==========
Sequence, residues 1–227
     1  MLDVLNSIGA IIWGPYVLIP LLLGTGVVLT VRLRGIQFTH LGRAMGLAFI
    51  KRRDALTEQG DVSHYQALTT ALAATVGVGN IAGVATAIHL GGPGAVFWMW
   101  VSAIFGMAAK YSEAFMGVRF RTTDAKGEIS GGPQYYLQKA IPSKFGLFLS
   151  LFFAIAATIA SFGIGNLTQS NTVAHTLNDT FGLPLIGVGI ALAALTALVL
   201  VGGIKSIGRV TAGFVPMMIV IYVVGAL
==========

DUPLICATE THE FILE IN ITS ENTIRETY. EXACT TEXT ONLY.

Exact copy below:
Sequence, residues 1–227
     1  MLDVLNSIGA IIWGPYVLIP LLLGTGVVLT VRLRGIQFTH LGRAMGLAFI
    51  KRRDALTEQG DVSHYQALTT ALAATVGVGN IAGVATAIHL GGPGAVFWMW
   101  VSAIFGMAAK YSEAFMGVRF RTTDAKGEIS GGPQYYLQKA IPSKFGLFLS
   151  LFFAIAATIA SFGIGNLTQS NTVAHTLNDT FGLPLIGVGI ALAALTALVL
   201  VGGIKSIGRV TAGFVPMMIV IYVVGAL